Chesapeake Bay (CB7PH), Lower Rappahannock River (RPPMH), and Mobjack Bay (MOBMH). Increases in the Rappahannock River can be attributed to widgeongrass which is locally abundant and has fluctuated in past years, while increases in the other two segments reflect continued expansion of eelgrass after the 2005 dieback. This is the third year of SAV increase in the Lower Bay Zone since the eelgrass dieback.

In the Upper Bay Zone (21 CBP segments extending south from the Susquehanna River to the Chester and Magothy rivers), SAV increased 3% from 22,953 ac in 2008 to 23,598 ac in 2009.

In the Middle Bay Zone (44 CBP segments extending south from the Bay Bridge to the

Rappahannock River and Pocomoke Sound, and including the Potomac River), SAV increased 15% from 34,521 ac in 2008 to 39,604 ac in 2009.

In the Lower Bay Zone (28 CBP segments covering the region south from the Rappahannock River and Pocomoke Sound regions to the mouth of the Bay), SAV increased 17% from 19,386 ac in 2008 to 22,697 ac in 2009.

 (11b) Why is it important to report this information?

• Bay grasses are important because they produce oxygen, are food for a variety of Submerged Aquatic Vegetation (SAV) is important to the Chesapeake Bay aquatic ecosystem.  SAV supports the Bay's health by: 

• generating food and habitat for waterfowl, fish, shellfish and invertebrates; 

• adding oxygen to the water column during photosynthesis; 

• filtering and trapping sediment that otherwise would bury benthic organisms and cloud the water column;

• inhibiting wave action that erodes shorelines; 

• absorbing excess nutrients (which they require for growth), such as nitrogen and phosphorus, that may fuel the growth of unwanted algae in surrounding waters.

Trends in the distribution and abundance of SAV over time are useful in understanding trends in water quality (Moore, et. al. 2004). Fewer SAV indicate poor water quality, whereas abundant SAV indicate better water quality.  Review of photographic evidence from a number of sites dating back to 1937 suggests that close to 200,000 acres of SAV may have historically grown along the shoreline of the Bay (Moore, et. al. 2004). However, by 1984, the SAV community had fallen to a low of about 38,000 acres (Virginia Institute of Marine Science).

The loss of SAV from shallow waters of Chesapeake Bay, which was first noted in the early 1960s, is a widespread, well-documented problem (Batiuk, et al., 2000).  Although other factors, such as climatic events and herbicide toxicity, may have contributed to the decline of SAV in the Bay, the primary causes are eutrophication and associated reductions in light availability (Batiuk, et. al., 2000).   Like any other plant, SAV needs sunlight to grow and survive. Two significant pressures that impact the growth of SAV are sediment and excess nutrient pollution. Sediment—loose particles of clay and silt that are suspended in the water—make the water dingy and block sunlight from the plants. Similarly, excess nutrients in the water fuel the growth of algae, which also block sunlight from the plants. When SAV lacks the sunlight it needs, it cannot survive.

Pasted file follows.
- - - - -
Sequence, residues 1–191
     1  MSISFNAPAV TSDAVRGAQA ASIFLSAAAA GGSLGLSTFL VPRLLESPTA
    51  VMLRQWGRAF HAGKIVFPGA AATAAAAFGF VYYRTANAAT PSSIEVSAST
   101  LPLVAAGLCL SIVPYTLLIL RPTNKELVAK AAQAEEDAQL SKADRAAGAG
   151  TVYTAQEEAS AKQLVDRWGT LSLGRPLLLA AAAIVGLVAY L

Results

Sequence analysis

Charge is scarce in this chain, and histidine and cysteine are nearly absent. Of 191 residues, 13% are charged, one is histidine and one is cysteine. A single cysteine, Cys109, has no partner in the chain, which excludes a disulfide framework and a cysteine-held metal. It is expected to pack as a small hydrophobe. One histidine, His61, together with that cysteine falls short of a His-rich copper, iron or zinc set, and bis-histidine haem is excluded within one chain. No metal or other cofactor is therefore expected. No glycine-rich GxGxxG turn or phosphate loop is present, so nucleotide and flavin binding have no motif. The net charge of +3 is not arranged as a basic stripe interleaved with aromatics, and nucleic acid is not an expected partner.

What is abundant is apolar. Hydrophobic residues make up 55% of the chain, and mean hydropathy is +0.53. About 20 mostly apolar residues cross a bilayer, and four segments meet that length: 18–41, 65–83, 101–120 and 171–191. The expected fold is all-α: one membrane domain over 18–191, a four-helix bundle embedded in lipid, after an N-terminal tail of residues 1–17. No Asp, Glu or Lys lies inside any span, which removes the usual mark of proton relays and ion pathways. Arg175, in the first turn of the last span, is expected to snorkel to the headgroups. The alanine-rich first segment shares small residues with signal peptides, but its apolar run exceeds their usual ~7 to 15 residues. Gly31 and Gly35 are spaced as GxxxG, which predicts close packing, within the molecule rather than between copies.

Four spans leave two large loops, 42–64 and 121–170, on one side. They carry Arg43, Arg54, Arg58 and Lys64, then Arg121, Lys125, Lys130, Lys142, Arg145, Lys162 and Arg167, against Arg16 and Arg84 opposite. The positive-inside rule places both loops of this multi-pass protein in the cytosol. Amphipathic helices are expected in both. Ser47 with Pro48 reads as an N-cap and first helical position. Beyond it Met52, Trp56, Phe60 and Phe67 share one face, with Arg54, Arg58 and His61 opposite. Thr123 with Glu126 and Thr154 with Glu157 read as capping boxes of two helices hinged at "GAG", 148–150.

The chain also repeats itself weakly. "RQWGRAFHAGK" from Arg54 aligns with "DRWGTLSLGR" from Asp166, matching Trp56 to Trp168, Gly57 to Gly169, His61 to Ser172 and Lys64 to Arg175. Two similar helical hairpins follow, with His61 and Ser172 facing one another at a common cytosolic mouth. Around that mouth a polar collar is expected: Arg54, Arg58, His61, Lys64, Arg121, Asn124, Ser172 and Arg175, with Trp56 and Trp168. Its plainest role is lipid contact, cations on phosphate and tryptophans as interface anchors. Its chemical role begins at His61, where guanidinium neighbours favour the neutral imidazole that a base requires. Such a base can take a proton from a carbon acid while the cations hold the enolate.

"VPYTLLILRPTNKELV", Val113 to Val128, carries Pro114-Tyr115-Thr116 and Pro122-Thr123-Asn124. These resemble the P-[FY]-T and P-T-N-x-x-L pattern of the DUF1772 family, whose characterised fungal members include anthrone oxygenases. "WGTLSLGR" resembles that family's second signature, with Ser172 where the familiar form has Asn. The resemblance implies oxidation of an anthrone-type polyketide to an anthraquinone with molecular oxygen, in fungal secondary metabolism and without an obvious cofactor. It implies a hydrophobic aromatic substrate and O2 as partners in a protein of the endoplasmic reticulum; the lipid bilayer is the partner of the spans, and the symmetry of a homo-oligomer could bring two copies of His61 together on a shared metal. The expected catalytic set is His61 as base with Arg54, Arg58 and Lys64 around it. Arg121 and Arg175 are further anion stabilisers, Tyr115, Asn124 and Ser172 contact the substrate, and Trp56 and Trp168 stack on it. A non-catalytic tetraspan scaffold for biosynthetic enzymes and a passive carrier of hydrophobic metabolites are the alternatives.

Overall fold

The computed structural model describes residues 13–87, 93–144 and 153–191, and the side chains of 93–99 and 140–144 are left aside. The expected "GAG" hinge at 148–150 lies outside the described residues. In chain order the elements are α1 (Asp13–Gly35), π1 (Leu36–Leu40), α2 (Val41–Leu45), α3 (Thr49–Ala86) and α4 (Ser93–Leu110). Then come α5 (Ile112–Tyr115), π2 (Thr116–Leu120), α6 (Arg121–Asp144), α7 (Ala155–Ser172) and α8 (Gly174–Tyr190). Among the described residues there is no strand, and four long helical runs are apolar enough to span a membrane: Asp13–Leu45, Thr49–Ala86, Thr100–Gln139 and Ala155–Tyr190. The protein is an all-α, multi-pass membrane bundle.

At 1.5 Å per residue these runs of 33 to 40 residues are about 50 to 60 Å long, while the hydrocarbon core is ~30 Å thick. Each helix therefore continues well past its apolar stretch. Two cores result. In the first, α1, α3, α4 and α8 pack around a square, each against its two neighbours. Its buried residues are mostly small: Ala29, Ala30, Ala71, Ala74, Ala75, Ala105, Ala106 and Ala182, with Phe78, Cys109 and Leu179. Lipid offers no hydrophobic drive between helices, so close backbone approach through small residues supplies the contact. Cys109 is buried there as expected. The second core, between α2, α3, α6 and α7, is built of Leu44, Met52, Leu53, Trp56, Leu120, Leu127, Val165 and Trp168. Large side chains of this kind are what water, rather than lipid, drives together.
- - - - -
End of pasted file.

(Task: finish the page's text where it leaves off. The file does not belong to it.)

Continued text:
(12b) What detail and/or diagnostic indicators are related to this reporting level indicator?

Density and changes by zone

3.  Factors Impacting Bay and Watershed Health indicators only

(7c) What is the long-term trend?  (since start of data collection)

(8c) What is the short-term trend? (3 to 5 year trend)

(9c) What is the current status?

(10c) What is the key story told by this indicator?

(11c) Why is it important to report this information?

(12c) What detail and/or diagnostic indicators are related to this reporting level indicator?

C.  Temporal Considerations

(13) Data Collection Date(s):  Baywide: 1978-2009, excluding 1979-1983 and 1988 when no surveys were conducted.  By zones: 1984-2009, excluding 1988 when no survey was conducted. 

(14) Planned Update Frequency (e.g. - annual, bi-annual):

(a) Source Data:  annual

(b) Indicator: annual

(15) For annual reporting, month spatial data is available for reporting:  February of the following year.

D.  Spatial Considerations

(16) Type of Geography of Source Data (point, line polygon, other):

USGS 7.5 minute quadrangle maps are used to organize the mapping process.  231 quadrangles in the study area include all regions with potential for SAV growth.

(17) Acceptable Level of Spatial Aggregation (e.g. - county, state, major basin, tributary basin, HUC): Data are aggregated to 78 tidal water segments for the Chesapeake Bay (2003 revised Chesapeake Bay Program (CBP) segmentation and zonation scheme) and further aggregated into three zones and then aggregated to the bay-wide level.

(18) Are there geographic areas with missing data?  If so, where? Areas mapped include all regions with potential for SAV growth.  Areas that do not have the potential for SAV growth are not mapped.

(19) The spatial extent of this indicator best described as:

(a) Chesapeake Bay (estuary)

(b) Chesapeake Bay Watershed

(c) Other (please describe): _______________________

Please submit any appropriate examples of how this information has been mapped or otherwise portrayed geographically in the past. Refer tohttp://www.vims.edu/bio/sav/sav03/re...cess_page.html for methods and http://www.vims.edu/bio/sav/sav03/qu...i024_page.html for an example.

(20) Can appropriate diagnostic indicators be represented geographically?  Yes.  Refer tohttp://www.vims.edu/bio/sav/sav03/re...cess_page.html for methods and http://www.vims.edu/bio/sav/sav03/qu...i024_page.html for an example.

E.  Data Analysis and Interpretation

(Please provide appropriate references and location of documentation if hard to find.)